Celebrating Indigenous Female Art

Who’s Afraid of Colour? at the National Gallery of Victoria, Melbourne, brings together over 200 creations from 118 indigenous Australian women. This multidisciplinary exhibition encompasses work from a range of mediums, from customary woven objects and bark paintings, to contemporary acrylic canvases and modern photographic digital compositions. The collection is an unprecedented survey of aboriginal female art from the NGV archives.

Tony Ellwood, NGV Director, states: “since coming into prominence in the late 1980s, indigenous women have transformed Australian contemporary art, experimenting boldly across mediums and challenged popular notions about how it should be created and interpreted. The exhibition celebrates the diversity and daring of their work.”

The display is spread across six gallery spaces, showcasing a diversity of practices both traditional and experimental, pieces from painting, sculpture, drawing, ceramics, glass, video, jewellery, textiles and installation are featured. Major new acquisitions are included, such as iconic photography from Melbourne-based artists Destiny Deacon and Bindi Cole Chocka, two of the leading figures in the industry who use digital media to explore and challenge conventional perceptions around indigenousness.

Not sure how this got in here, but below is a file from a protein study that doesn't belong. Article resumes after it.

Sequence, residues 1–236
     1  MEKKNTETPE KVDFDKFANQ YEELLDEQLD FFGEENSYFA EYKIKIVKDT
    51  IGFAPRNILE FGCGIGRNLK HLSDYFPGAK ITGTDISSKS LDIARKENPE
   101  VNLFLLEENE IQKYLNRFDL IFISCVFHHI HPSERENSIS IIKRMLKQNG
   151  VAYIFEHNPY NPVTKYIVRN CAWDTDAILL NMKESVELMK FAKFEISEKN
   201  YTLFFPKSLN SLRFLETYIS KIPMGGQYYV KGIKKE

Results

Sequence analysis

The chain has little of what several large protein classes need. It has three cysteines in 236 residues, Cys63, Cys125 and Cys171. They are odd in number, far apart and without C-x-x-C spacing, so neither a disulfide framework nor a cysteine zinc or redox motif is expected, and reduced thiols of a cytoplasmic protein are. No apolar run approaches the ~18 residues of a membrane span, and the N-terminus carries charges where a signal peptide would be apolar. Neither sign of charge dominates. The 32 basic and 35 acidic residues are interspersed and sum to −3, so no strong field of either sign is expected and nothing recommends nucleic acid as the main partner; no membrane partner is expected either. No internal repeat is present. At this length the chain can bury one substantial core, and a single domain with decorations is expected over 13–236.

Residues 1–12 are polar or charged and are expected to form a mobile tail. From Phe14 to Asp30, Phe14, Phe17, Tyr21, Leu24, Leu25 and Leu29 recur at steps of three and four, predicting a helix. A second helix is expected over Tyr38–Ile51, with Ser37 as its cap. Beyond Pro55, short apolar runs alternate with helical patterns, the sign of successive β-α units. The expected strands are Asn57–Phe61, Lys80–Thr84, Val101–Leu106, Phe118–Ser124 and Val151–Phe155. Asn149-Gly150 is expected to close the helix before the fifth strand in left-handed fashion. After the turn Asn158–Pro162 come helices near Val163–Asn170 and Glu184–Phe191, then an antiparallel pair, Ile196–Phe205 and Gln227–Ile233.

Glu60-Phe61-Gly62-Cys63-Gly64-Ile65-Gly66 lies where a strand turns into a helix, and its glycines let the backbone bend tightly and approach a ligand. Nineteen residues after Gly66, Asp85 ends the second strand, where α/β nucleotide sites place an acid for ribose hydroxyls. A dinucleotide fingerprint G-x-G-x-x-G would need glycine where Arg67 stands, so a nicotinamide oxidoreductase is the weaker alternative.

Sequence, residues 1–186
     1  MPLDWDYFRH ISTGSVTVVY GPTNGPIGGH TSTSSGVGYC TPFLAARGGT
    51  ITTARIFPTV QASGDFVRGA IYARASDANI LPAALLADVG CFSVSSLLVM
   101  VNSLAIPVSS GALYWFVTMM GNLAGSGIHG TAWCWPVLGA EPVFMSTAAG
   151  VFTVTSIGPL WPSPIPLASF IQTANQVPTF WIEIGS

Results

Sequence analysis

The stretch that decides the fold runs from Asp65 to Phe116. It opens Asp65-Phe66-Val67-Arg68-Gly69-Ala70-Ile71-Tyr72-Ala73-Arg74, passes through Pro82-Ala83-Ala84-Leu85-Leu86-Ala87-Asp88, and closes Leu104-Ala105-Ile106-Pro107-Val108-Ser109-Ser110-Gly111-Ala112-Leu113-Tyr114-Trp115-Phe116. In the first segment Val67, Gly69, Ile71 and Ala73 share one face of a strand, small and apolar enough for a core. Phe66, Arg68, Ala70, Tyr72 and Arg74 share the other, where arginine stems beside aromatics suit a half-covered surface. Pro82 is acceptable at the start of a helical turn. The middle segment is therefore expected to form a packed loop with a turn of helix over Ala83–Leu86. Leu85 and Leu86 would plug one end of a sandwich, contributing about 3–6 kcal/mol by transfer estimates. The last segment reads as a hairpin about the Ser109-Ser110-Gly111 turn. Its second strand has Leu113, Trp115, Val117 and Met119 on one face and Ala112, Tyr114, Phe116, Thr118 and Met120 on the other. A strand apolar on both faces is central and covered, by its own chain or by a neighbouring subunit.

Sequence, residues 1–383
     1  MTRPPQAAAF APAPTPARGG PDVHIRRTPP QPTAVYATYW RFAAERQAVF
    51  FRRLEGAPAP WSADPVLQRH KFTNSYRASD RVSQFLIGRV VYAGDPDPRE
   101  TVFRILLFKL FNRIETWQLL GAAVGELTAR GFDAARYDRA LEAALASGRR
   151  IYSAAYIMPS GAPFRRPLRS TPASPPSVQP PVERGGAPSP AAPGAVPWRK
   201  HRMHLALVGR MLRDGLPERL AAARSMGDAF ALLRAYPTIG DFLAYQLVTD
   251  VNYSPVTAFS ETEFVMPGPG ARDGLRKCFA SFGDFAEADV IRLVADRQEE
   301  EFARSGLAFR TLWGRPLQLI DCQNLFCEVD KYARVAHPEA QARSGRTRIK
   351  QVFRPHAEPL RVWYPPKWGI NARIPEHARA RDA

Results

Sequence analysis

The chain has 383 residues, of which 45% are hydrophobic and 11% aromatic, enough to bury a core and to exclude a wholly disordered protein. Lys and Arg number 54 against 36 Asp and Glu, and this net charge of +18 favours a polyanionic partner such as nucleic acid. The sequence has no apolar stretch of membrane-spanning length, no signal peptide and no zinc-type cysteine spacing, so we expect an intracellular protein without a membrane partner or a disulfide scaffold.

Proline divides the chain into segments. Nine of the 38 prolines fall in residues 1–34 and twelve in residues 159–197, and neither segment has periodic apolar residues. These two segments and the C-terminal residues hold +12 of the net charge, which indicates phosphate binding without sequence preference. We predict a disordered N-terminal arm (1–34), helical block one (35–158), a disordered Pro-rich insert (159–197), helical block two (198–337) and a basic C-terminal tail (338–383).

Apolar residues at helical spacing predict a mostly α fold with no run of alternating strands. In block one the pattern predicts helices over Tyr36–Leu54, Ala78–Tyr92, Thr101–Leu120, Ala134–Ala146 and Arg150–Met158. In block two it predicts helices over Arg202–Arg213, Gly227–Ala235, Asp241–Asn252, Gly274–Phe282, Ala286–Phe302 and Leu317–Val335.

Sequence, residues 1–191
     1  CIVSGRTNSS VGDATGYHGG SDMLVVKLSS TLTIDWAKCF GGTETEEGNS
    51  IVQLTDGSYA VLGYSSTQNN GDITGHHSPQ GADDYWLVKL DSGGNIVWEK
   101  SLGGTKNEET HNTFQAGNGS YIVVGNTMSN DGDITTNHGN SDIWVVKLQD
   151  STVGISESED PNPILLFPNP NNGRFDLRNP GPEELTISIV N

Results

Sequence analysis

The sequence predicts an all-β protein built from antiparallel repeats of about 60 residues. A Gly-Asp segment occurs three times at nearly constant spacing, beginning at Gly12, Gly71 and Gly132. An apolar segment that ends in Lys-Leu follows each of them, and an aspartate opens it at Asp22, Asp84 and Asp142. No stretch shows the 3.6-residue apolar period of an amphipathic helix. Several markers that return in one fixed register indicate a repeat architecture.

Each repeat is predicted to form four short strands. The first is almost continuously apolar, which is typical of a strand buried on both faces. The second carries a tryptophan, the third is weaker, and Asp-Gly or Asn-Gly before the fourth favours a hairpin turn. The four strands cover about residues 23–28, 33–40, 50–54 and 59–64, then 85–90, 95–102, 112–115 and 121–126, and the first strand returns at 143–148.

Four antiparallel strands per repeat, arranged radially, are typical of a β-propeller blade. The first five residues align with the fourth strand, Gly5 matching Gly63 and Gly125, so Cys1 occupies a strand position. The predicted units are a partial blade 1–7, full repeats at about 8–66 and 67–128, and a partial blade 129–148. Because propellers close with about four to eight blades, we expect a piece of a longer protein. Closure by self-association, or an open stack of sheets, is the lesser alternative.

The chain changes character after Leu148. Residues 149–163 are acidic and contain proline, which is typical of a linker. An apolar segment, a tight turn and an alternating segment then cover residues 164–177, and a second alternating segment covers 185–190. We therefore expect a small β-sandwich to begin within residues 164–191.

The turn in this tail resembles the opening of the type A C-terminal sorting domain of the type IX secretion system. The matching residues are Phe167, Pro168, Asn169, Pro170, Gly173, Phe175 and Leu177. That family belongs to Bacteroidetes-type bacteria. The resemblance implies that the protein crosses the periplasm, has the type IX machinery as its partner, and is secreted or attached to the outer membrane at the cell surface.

Large-scale paintings from one of the nation’s most prominent designers, Emily Kam Kngwarray form an important part of the collection. Anwelarr anganenty (Big yam Dreaming) (1995) measures approximately three by eight metres and was previously exhibited at the Royal Academy of Arts, London, as part Australia (2013). The artist, alongside Judy Watson and Yvonne Koolmatrie also contribute to Who’s Afraid of Colour?  The trio represented the country at the 1997 Venice Biennale, a moment regarded as monumental in the industry, as the importance of aboriginal women’s art was recognised on an international scale. Other additions include a series of paintings from Warlpiri creator Lorna Napurrurla Fencer, interdisciplinary mixed media and video from Julie Gough and pieces from renowned Gija artist Queenie McKenzie.

Who’s Afraid of Colour? National Gallery of Victoria, Melbourne, until April 2017.

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1. Miriam Charlie, My Country No Home: Nancy Kidd, Garrwa One Camp (2015). Courtesy of the NGV.